US 4676973 A
Epithelial lung tumors are known to produce specific biological substances such as hormones. Radiolabelled antibodies to such substances are prepared and ventilated by a subject. Deposition of the radiolabelled antibodies occurs in the respiratory air passages and with controlled particle size and inhalation particularly in the tracheo-bronchial tree.
The antibodies react antigenically with the biological substances, becoming localized at the tumor sites. Concentrations of radiolabelled antibodies may be detected using ratio detection means such as a gamma camera.
1. A method of diagnosing abnormalities in a patient's lung, comprising:
administering to a patient as an aerosol a radiolabelled agent by ventilation, said radiolabelled agent being an antibody specific to an antigen produced by a tumor and labelled with a radioactive isotope;
waiting a sufficient amount of time to allow mucociliary clearance of unreacted radiolabelled antibody; and
detecting by detection means the presence of the radiolabelled agent.
2. The diagnostic method as in claim 1, wherein said antigen is calcitonin.
3. The diagnostic method as in claim 1, wherein said radioactive isotope is technetium 99 m.
4. The diagnostic method as in claim 1, wherein said antigen is calcitonin and said radioactive isotope is technetium 99 m.
5. The diagnostic method as in claim 1, wherein the particles in said aerosol have a particle size of from 0.2 to 1.4 microns.
6. The diagnostic method as in claim 1, wherein the detection means comprises a gamma camera.
7. The diagnostic method as in claim 1, wherein twenty-four hours is allowed to elapse to permit mucociliary clearance to remove unreacted antibody.
This invention relates to a method of diagnosing lung disorders, particularly epithelial lung tumors. It is known that these tumors produce bioactive substances particularly hormones. It has been the goal of workers to use radiolabelled antibodies to such substances to permit detection of tumors.
One such substance is the hormone calcitonin. According to this invention, antibodies to calcitonin are prepared and labelled with technetium 99 m. These radiolabelled antibodies are prepared as an aerosol which is ventilated by a subject. The particle size is controlled to permit maximum deposition by sedimentation, rather than impaction. The antibodies are localised by immunoreactivity in proximity to the tumor site. Mucociliary clearance removes unbound radiolabelled antibodies. The subject is then subjected to a radio detection means which locates concentration of labelled antibody indicating areas of abnormal hormone production, or tumor sites.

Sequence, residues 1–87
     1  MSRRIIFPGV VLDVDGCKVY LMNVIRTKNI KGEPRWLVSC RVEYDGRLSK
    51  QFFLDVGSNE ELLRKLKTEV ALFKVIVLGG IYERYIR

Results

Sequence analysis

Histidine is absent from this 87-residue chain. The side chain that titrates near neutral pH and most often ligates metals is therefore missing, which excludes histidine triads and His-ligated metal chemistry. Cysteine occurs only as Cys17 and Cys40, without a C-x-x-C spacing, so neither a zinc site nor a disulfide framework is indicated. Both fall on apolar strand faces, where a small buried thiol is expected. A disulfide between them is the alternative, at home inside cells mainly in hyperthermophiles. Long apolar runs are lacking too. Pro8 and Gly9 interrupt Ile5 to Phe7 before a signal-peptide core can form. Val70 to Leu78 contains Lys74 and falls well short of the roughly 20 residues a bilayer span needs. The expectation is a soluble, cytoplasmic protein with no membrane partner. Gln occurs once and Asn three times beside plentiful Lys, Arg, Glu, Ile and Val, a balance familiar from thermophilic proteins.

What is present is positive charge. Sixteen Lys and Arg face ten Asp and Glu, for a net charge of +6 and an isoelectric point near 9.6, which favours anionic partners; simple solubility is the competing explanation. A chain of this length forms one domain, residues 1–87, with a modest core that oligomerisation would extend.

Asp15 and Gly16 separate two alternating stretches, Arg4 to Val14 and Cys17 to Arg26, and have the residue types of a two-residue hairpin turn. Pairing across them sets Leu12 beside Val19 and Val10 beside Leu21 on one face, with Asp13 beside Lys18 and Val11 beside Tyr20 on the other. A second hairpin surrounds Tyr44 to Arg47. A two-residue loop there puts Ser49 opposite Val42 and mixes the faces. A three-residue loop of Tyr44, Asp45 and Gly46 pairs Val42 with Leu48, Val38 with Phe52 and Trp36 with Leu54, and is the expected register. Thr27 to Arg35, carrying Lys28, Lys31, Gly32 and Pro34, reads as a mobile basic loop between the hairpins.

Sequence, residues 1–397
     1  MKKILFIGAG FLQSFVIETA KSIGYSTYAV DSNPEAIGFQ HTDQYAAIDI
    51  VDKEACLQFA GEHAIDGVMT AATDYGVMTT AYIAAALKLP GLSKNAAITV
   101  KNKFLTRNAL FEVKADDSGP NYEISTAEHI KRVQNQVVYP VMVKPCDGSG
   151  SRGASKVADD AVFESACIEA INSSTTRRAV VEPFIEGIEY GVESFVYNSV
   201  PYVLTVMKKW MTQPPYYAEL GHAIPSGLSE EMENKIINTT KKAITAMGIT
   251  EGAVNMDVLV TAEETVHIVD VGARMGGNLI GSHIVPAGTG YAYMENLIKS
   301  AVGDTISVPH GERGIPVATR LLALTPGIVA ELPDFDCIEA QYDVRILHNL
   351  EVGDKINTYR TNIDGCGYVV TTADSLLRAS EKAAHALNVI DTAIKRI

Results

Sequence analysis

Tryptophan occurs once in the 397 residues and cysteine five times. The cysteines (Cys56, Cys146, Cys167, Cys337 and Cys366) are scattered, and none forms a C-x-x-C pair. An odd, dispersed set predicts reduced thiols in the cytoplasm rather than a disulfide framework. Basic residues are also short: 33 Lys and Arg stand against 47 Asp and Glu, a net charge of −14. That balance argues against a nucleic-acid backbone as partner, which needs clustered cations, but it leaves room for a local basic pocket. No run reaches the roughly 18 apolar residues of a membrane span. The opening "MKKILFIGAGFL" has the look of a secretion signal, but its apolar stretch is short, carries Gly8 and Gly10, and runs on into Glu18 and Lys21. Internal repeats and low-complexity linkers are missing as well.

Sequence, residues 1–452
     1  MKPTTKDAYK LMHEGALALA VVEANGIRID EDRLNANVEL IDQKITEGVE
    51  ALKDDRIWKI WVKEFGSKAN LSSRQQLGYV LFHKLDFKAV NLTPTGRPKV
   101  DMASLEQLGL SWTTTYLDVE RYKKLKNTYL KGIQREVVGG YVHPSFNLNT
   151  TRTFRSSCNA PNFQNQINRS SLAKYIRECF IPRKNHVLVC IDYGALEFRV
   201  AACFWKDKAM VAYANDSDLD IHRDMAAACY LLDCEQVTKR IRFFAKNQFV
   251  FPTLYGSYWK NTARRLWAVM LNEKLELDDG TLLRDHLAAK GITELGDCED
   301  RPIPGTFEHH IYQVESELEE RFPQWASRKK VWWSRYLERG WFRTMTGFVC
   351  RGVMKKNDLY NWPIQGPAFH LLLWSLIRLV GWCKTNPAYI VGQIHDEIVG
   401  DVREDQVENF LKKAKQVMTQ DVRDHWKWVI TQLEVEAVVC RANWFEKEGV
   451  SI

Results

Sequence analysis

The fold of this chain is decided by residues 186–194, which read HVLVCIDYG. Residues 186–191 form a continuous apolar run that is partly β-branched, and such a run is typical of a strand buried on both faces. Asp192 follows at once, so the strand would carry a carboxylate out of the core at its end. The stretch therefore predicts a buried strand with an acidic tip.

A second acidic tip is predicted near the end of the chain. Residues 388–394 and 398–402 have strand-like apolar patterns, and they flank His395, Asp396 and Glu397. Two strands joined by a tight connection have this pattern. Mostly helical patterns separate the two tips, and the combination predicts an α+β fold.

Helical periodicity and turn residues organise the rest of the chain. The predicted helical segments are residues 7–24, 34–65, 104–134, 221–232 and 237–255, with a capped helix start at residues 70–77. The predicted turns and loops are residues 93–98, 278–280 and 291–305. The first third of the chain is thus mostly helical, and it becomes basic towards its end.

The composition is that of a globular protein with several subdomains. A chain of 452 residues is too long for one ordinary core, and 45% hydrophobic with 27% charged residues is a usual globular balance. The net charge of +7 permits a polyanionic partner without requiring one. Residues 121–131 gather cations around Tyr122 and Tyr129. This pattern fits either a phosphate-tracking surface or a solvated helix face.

According to one embodiment of the present invention there is provided a method of diagnosing an abnormality in a patient's lung comprising subjecting a patient to radiolabelled agent by ventilation, the radiolabelled agent being retained at the locality of the abnormality but being otherwise removed from the lung by a body function, the patient then being subjected to a radio detection means adapted to record the presence of the retained agent and thereby provide diagnostic information.
The present invention will now be described by way of example and with reference to the accompanying drawings wherein FIG. 1: shows diagrammatically the preparation of affinity purified antisera against calcitonin, linked to cyanogen bromide activated sepharose. Labelled antibodies were recovered using 6M Guanidine in phosphate buffered saline and dialysed. Labelling with technetium 99 m was by stannous reduction and immunoreactivity confirmed by radioimmunioassay and immunodiffusion.
Antibodies prepared according to the method shown in FIG. 1. 150 milligrams of labelled antibody is delivered to the lungs in an aerosol generated by a compressed air nebuliser and passed through drying and sedimentation chambers. The particle size is controlled such that approximately 60% of the particles have a diameter within the range 0.2 to 1.4 microns. The patient is caused to inhale this aerosol, which is delivered at low velocity by shallow breathing. Deposition of the aerosol on the lung surfaces occurs, with normal mucociliary clearance acting to remove the aerosol. Concentrations of calcitonin occur around the tumor sites. Twenty four hours is allowed to elapse to permit mucociliary clearance to remove extraneous unreacted antibody, which time has found to provide maximum contrast between localised antibody and background.
The subject is then photographed using a gamma camera which shows up concentrations of radiolabelled antibody, concentrated around tumor sites.
The resulting diagnosis is believed to be more accurate than of the two available techniques, providing higher resolution data, and with minimal discomfort to the patient.
Where in the aforegoing description reference has been made to specific components or integers of the invention having known equivalents then equivalents are herein incorporated as if individually set forth.
Although this invention has been described by way of example and with reference to possible embodiments thereof it is to be understood that modifications or improvements made be made thereto without departing from the scope of the invention as defined in the appended claims.